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Trinity students check GHS athletes before today’s road relay

Trinity students check GHS athletes before today’s road relay

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The athletes who are participating today in the annual road relay of the St Vincent Girls’ High School are doing so, having been subjected to physical checks by a team from the Trinity School of Medicine.

Last Thursday, February 5, four Term Five students from the medical school conducted{{more}} the checks which cleared the athletes of the four competing houses to participate in the 2015 edition of the Annual Road Relay of the St Vincent Girls’ High School.

According to Dr Frances Jack, associate dean of students, “The students have a quiz tomorrow, but they still volunteered. That is truly exemplary!” The group comprised Joshua Baiel, Miae Lee, Katherine Napuri, and Dwight Zenner.

Drs Conrad Nedd and Frances Jack supervised the activity.

Athletes scheduled to run in the school’s road race gathered at the school’s library to be examined by the six visitors. A medical history was taken from each girl. The team sought to pay special attention to students who may be sufferers of chronic illnesses, like asthma or hypertension, that could adversely affect participation in such an event. Then resting pulse and blood pressure were taken, after which each athlete was asked to do fifteen jumping jacks. After the exercise, the pulse was taken again, then the athlete allowed to rest. At the end of this break, the pulse was taken again. The team members were able to give further advice about hydration and nutrition.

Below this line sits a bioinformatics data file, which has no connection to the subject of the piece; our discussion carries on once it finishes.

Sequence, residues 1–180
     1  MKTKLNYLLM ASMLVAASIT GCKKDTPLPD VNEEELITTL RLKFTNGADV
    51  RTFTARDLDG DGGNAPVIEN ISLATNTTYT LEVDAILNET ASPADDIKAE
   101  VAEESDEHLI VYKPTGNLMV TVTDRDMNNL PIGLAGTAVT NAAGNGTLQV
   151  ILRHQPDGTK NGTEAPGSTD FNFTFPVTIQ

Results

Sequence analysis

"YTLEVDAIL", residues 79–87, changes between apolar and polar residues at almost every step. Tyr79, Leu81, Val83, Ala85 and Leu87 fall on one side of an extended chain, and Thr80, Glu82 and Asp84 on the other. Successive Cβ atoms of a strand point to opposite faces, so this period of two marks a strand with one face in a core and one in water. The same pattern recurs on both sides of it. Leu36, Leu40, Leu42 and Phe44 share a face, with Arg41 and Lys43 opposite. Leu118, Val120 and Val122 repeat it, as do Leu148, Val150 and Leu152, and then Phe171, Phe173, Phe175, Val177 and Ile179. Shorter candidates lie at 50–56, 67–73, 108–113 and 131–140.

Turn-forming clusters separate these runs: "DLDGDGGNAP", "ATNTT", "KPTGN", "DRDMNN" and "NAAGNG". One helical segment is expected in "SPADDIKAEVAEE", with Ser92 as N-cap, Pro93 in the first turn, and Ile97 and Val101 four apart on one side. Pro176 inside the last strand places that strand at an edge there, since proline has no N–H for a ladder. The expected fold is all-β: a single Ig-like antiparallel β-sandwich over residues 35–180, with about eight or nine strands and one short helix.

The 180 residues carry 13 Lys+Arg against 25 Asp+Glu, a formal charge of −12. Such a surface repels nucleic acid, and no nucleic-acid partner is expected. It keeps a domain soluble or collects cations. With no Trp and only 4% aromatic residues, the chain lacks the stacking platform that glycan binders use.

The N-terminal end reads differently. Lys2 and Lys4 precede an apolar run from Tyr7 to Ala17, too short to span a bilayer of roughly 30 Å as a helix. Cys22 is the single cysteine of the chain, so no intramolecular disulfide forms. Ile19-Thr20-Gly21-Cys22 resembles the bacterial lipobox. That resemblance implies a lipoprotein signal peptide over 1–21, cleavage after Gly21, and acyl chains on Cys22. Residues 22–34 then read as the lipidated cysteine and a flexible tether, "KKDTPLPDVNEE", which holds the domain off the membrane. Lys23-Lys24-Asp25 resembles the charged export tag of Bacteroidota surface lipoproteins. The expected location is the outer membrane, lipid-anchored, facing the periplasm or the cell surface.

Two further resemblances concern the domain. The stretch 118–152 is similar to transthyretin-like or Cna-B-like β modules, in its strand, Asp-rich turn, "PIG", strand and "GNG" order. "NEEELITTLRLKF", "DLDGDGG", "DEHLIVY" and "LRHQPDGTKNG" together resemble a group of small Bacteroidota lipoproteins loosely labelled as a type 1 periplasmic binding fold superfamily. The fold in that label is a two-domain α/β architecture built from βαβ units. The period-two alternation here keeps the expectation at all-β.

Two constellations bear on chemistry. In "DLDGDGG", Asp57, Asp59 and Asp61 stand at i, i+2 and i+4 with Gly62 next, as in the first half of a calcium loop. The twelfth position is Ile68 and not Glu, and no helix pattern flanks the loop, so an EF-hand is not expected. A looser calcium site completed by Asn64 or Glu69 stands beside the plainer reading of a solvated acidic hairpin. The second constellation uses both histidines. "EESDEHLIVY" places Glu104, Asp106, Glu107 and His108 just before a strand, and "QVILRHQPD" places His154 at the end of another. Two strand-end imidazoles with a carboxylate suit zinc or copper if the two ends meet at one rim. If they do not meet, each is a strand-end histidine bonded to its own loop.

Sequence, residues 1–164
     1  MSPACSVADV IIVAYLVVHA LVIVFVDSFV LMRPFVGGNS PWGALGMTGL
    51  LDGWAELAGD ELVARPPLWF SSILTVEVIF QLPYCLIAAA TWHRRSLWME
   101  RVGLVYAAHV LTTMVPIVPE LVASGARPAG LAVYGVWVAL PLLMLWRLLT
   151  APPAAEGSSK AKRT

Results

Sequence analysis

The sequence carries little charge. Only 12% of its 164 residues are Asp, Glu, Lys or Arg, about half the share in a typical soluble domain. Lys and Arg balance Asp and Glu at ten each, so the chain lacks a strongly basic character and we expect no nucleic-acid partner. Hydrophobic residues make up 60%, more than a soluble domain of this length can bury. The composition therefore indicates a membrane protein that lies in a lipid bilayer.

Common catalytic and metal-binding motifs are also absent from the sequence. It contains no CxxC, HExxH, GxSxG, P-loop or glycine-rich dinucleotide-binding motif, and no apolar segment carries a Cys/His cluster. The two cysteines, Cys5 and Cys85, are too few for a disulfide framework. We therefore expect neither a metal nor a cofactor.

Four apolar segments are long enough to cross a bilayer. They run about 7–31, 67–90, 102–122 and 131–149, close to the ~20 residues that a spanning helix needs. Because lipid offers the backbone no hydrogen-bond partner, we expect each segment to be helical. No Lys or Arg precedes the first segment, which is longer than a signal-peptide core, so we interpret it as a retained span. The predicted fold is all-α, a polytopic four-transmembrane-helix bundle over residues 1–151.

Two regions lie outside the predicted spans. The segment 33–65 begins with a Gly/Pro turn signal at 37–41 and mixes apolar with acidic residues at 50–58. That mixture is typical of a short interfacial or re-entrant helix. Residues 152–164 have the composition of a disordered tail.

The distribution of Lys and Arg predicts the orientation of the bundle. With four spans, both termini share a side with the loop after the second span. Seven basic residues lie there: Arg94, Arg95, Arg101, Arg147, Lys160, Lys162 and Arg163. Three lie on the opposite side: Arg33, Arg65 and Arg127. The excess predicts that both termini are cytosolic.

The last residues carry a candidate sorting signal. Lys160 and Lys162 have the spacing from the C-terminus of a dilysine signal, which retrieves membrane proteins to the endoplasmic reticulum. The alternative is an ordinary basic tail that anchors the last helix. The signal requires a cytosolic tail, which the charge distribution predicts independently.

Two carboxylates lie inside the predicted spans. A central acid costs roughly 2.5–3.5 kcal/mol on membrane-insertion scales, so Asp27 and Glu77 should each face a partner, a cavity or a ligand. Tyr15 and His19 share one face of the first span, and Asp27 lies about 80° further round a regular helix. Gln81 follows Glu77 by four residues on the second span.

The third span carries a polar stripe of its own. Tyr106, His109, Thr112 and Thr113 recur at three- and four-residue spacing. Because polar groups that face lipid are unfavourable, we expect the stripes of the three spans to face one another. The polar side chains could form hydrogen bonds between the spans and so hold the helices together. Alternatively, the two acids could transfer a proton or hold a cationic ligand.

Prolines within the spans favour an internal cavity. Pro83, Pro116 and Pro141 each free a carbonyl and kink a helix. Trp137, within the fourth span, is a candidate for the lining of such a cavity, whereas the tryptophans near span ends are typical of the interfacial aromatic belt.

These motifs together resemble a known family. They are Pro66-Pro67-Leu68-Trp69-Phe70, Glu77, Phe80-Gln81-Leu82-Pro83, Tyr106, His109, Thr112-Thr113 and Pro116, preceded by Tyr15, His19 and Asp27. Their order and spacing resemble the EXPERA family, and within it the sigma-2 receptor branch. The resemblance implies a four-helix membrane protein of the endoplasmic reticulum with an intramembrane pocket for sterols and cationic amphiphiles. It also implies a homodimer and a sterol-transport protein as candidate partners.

According to physical education teacher Gary Constantine, the road relay consists of six legs. It constitutes a total of two laps around one circuit in Kingstown: from the school gate, along New Roads towards Sion Hill, then moving through Cane Garden and back to the school. The average completion time is expected to be 45 minutes. The four competing teams are each fielding six runners and six reserve athletes. Therefore, the Trinity team examined forty-eight students.

Three students, Lafesha France, Aya Kirby and Nickya Alexander, offered their opinions on the gesture from the team of Trinity students.

“We were checked by the school nurse last year, but not as thoroughly as today. I think it is a sacrifice on their part and I really appreciate it. We even got to learn some things about ourselves,” said Lafesha.

“I think it is a good gesture that should continue with other schools, because the help is needed. When they check us, it helps them to prepare for their work in the future. Their advice will help me perform better,” explained Aya.

Nickya opined, “It will now be more comfortable when we run because we have been examined by professional people.”

Medical student, Miae Lee, expressed her sentiments. “It’s my first time doing blood pressure and vitals with these students. It was a very comfortable procedure for me: once I met them, all my anxiety went away,” she said.

“I feel so honoured to have the opportunity to do this.”

Dr Nedd explained that the opportunity came about through a request from the headmistress of the school, after consultations with the Road Relay Committee.

The GHS road relay is taking place as a joint event with the St Vincent Grammar School’s relay. It will be broadcast live on NBC Radio. Both schools will hold a joint sports meet next Wednesday, February 18.

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